Professor’s Mini Circuit Board Has Maximum Impact for George Brown College Curriculum

Lisa E. Boyes

If asked “what can fit on the head of a pin,” Professor Jamie McIntyre of the Centre for Advanced Engineering Technologies would know more than most. The same, as it turns out, could be said of a pen. Recently Bloorview Kids Rehab scientist Dr. Tom Chau, with one of his post-doctoral students, David Fernandez, essentially asked McIntyre the question: “How small can you make the features of a circuit board so that they can fit on the head of a pen?”

“The answer so far,” says McIntyre, a licensed engineer, “is five thousandths of one inch.” The result, for George Brown College, has been an overhaul of its microprocessor curriculum in the Mechanical Engineering and Electro-Mechanical Technology programs.

In a mutually beneficial partnership between McIntyre in the college’s microelectronics laboratory, Bloorview and several industrial-design partners, McIntyre provided an early circuit-board prototype for Bloorview’s handwriting data analysis unit, which is still under development. The electronic pen will ultimately be used as a diagnostic device for children with severe physical challenges, such as cerebral palsy and muscular dystrophy, and for those with more common conditions, such as developmental coordination disorder (dcd). Once the optimum design is confirmed and commercialized, occupational therapists and clinicians will be able to use the pen to assess grip strength, grip position and control, paper pressure and speed of printing.

McIntyre’s contribution involved miniaturizing his circuit board to less than one-and-a-half by one inch (the size of a postage stamp), to fit the tip of the pen so as not to interfere with grasping the pen along the shaft. McIntyre, using top-of-the-line, specialized equipment that Siemens Canada has provided to the microelectronics lab, designed the radically small circuit board, constructed it and got it working.

“Jamie’s work,” says Chau, “also enabled us to eliminate a second computer connection to the pen. The wiring itself is cumbersome and can be very distracting to children for whom printing and writing are real challenges.”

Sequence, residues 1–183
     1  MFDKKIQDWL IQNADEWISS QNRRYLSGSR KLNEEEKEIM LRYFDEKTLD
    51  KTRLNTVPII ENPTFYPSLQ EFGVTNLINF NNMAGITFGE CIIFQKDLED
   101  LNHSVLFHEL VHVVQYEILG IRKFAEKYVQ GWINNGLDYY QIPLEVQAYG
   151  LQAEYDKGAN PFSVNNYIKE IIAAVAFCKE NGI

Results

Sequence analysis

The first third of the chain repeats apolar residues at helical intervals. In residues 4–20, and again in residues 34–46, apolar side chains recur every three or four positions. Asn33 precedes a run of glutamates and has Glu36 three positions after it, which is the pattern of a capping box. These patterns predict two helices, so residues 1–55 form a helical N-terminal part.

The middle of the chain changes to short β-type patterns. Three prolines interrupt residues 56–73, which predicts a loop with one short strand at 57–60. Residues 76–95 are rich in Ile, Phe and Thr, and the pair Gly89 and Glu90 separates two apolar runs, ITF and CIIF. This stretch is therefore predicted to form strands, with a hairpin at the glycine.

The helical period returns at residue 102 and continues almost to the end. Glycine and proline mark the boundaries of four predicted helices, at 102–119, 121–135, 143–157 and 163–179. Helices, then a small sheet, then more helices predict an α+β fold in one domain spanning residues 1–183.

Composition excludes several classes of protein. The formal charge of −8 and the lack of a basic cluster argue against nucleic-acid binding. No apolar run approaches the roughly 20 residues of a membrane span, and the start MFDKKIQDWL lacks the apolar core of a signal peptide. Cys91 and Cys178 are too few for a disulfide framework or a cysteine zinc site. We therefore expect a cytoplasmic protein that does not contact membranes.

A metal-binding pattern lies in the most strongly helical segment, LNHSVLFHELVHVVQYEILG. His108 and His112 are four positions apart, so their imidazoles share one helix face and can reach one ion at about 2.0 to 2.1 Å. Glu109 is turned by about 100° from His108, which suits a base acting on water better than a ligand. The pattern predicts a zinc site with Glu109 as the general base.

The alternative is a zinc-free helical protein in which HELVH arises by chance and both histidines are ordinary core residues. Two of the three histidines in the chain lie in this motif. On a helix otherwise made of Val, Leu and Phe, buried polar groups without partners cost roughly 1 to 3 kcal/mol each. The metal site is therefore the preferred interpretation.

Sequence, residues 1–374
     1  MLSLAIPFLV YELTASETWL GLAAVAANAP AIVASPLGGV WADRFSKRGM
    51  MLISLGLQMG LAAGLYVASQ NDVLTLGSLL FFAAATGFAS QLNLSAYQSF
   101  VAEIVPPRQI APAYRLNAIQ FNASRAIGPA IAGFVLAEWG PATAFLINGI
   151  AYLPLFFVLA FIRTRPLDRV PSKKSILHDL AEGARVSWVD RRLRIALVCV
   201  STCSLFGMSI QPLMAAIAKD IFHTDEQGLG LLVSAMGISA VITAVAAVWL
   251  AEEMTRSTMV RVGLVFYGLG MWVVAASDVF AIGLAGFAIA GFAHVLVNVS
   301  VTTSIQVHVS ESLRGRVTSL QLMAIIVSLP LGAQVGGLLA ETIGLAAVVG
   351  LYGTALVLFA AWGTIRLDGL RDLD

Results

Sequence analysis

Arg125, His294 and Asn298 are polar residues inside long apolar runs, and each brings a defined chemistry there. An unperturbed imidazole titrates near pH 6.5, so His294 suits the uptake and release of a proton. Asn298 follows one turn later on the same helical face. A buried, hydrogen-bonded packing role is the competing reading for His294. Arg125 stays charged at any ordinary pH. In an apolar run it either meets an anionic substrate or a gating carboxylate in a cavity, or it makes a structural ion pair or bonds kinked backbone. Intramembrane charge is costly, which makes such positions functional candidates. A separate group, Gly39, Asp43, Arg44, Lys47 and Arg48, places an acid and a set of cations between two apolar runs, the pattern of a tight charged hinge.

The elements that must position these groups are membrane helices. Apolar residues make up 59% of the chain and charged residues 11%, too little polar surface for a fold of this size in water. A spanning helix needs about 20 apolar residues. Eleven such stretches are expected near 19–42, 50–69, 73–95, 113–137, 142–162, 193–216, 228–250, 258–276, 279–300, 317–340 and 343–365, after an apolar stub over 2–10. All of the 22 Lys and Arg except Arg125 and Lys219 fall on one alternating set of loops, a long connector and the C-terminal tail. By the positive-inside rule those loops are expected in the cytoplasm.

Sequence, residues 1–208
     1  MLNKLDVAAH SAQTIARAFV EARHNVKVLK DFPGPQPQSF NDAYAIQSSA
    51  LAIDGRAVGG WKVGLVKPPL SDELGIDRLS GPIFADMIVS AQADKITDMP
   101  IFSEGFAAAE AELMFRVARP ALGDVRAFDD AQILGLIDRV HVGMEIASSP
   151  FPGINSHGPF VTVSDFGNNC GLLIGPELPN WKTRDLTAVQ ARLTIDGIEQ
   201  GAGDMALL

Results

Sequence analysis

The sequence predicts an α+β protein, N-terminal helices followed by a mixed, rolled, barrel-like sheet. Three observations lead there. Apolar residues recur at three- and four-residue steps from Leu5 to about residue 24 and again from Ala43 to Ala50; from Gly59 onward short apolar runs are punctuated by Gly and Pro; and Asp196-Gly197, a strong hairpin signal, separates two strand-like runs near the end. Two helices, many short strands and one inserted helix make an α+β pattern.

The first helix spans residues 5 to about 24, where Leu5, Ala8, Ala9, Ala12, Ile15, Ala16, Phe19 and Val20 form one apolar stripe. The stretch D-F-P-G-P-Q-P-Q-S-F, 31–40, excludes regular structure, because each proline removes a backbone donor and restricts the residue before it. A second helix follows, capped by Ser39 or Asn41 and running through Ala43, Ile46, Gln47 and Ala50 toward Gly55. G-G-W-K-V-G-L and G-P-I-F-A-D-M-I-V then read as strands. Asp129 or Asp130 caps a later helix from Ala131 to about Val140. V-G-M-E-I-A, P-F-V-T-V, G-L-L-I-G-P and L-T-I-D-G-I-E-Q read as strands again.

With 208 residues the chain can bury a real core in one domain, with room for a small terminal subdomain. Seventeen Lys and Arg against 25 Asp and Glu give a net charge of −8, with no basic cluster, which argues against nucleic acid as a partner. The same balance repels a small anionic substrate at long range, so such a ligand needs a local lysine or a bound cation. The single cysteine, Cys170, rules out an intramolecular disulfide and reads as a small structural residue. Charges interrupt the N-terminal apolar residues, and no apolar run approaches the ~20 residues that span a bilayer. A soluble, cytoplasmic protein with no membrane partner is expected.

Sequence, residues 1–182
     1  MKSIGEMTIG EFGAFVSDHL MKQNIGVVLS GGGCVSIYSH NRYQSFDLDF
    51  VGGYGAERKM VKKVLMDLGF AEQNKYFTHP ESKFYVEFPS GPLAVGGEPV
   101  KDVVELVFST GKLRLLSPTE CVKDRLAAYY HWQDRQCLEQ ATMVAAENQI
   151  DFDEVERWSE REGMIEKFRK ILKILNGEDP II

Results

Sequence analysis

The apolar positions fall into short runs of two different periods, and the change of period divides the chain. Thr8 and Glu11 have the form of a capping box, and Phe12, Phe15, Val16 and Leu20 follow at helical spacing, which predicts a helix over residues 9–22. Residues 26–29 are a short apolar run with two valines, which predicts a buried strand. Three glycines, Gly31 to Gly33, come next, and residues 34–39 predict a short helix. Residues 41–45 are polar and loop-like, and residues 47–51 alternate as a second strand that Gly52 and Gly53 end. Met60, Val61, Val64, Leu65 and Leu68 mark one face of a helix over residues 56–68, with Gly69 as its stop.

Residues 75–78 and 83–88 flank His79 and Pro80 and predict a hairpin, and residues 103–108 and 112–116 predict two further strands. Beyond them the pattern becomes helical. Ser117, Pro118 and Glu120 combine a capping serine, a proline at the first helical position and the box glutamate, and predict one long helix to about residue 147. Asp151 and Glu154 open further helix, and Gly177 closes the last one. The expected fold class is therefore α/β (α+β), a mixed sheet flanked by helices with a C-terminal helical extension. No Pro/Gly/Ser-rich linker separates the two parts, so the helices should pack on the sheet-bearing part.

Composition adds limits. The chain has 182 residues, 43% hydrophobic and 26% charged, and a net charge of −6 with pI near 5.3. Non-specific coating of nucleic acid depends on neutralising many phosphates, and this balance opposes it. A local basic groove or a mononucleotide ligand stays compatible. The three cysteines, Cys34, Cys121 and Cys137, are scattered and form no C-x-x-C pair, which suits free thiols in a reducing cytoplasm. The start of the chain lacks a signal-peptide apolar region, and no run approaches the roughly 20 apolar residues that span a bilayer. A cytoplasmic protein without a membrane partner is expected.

A second challenge for Jamie was interfacing the circuit to accommodate a flexible sensory array that was purchased from another vendor. To overcome this incompatibility, McIntyre collaborated with the Sunnybrook Health Sciences Centre and used one of their labs, another of McIntyre’s mutually beneficial partnerships. Fernandez at Bloorview then fed the circuit board into his software and computer configuration.

Chau, who also directs the University of Toronto’s clinical engineering program, adds, “We would be very interested in working with Jamie again, now that we have a Wireless prototype of the handwriting data analysis unit.”

The circuit board project is one of a series of research and education exchanges between George Brown College and Bloorview Kids Rehab. The college’s microelectronics students have also worked with U of T undergraduate engineering students, guided by McIntyre and Chau, respectively, to develop and assemble circuitry and design an aspirometer, which indicates if a person is experiencing swallowing difficulties. Chau and his team are now actively working towards commercialization. In another association, a George Brown mechanical engineering student was invited to work and study in Chau’s lab at Bloorview in summer, 2007.

“We’re successful in projects as diverse as these,” says McIntyre, “because we never say no to a design challenge. We can also, as a result, educate and involve our students in relevant, applied research. The fact that our microelectronics lab is comparable to industrial microelectronics labs in quality, and virtually unique among public institutional engineering labs, ensures that the Siemens technology is well used on novel design research.”

George Brown College, with 30,000 full- and part-time students and more than 900 faculty in more than 150 programs, aims to be a top community college of choice for applied research investment by industry and other partners. Its applied research strengths include advanced engineering and microelectronics; nursing and the social sciences; health informatics; IT; and design and new media. George Brown is currently allied with nine other Ontario colleges in the Colleges Ontario Network for Industry Innovation, started with a $3.5m grant from the Ministry of Research and Innovation. CONII is building college capacity to bring research to the marketplace.

Bloorview Kids Rehab is Canada’s largest children’s rehabilitation teaching hospital, serving more than 7,500 children and youth annually as outpatients and inpatients. Bloorview’s Research Institute improves the lives of children with disabilities and special needs through assistive technology R&D; clinical, quality-of-life and outcomes research; and research into incidence, risk factors, prevention, and the socio-cultural, political and attitudinal factors affecting the young with disabilities and special needs.